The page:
Ravi Shanker: This is a really good question and obviously somewhat of a sensitive topic. I think the truck fleet operators want to be very careful and very clear that trucking is not going to displace every truck driver or like hundreds of thousands of truck jobs any time soon. In fact, we had a report that was commissioned and published by the Department of Transportation a few months ago, it was earlier this year that basically said that even with a bullish base of adoption of autonomous trucking, they did not see risk to significant job losses in the trucking space just given the extreme truck driver shortage that we already have and the limited new labor supply that's going into this industry. So, it's something to be very cognizant of, something to be very sensitive about, but at the same time, we think the technology can actually help the industry and not be a hindrance.

Ravi Shanker: So Adam, taking everything we've discussed today into account, what are the investment implications of this?

Adam Jonas: There's really lots of different ways you could express an investment opinion. I think Apple CEO Tim Cook once described autonomy as the mother of all AI. In the auto industry, many of our clients see it, as you know, the ultimate internet of things, internet of cars. And so, there are a variety of adjacent industries, both within auto and transportation, but also technology enablers, sensor companies, semiconductors, processors, A.I. companies, network operators, data. There's all sorts of ways to express it across industries. And interestingly, according to your work, the beneficiaries of autonomy ultimately extend across multiple industries, right? Fleet operators and frankly, ultimately, the consumer, too. So, the question might be what sector isn't exposed to this technological revolution?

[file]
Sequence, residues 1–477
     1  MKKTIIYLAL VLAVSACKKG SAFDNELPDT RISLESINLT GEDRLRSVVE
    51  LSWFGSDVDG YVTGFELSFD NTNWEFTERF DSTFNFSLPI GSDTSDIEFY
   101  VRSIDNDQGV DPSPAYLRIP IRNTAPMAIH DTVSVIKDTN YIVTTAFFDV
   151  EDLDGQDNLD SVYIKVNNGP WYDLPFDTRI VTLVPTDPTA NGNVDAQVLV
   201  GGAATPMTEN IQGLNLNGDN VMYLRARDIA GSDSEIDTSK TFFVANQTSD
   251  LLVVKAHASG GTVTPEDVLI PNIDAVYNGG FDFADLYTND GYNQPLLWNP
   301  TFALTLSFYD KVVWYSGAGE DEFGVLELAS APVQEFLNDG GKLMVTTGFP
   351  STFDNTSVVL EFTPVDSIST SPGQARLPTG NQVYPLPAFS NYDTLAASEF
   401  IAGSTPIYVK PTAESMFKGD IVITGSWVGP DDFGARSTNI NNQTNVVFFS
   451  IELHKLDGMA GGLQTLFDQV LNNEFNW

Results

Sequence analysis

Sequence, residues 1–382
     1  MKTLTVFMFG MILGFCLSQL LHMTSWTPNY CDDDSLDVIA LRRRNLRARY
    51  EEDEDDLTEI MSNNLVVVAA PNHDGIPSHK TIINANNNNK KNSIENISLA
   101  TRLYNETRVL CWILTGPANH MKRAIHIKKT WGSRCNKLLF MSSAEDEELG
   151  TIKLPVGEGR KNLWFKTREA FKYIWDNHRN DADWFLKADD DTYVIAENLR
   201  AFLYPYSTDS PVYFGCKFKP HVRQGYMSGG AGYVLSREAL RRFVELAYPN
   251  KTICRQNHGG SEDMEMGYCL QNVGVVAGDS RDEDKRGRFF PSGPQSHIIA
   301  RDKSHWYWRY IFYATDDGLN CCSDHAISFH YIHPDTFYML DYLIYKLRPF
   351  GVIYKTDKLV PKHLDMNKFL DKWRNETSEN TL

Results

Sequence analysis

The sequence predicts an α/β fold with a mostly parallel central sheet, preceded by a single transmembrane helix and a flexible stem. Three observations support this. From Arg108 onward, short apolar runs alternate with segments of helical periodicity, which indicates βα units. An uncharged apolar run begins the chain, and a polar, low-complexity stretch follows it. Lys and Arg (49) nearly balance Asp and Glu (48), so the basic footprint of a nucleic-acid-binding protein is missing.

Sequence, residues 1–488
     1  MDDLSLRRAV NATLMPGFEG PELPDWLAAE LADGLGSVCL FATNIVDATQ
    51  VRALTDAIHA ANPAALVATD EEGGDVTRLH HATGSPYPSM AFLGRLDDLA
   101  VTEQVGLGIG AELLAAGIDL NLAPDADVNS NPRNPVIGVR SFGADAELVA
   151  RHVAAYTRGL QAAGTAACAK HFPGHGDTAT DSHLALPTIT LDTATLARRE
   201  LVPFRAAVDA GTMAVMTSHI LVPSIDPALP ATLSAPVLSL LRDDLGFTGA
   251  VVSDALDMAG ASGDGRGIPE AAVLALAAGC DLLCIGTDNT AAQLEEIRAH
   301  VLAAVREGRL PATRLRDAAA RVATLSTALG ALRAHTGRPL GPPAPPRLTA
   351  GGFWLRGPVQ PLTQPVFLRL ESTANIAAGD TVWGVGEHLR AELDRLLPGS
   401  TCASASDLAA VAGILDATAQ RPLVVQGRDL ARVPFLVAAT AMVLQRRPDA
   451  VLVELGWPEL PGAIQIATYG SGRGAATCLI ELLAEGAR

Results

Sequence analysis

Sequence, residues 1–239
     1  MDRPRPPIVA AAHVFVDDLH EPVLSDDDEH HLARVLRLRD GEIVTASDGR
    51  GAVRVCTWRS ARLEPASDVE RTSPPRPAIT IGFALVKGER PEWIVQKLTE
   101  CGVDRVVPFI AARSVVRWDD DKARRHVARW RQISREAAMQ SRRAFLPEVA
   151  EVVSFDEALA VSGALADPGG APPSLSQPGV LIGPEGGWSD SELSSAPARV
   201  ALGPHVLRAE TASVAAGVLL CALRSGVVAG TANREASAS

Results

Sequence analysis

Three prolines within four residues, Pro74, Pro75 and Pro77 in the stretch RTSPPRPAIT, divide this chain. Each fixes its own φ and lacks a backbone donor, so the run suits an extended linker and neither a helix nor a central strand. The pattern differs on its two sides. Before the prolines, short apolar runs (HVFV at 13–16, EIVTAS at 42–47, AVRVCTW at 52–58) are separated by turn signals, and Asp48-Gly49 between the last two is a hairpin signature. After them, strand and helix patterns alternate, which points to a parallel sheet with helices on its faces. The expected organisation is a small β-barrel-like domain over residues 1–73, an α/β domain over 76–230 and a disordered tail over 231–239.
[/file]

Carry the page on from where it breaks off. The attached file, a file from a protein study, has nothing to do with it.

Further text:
Adam Jonas All right, Ravi, thanks for taking the time to chat.

Ravi Shanker: Absolutely, Adam. Great speaking with you.

Adam Jonas: And thanks for listening. If you enjoy the show, please leave us a review on Apple Podcasts and share Thoughts on the Market with a friend or colleague today. 

Autonomous trucking may sound like science fiction, but its impacts on transportation costs, the labor market and a breadth of industries may be closer than we think.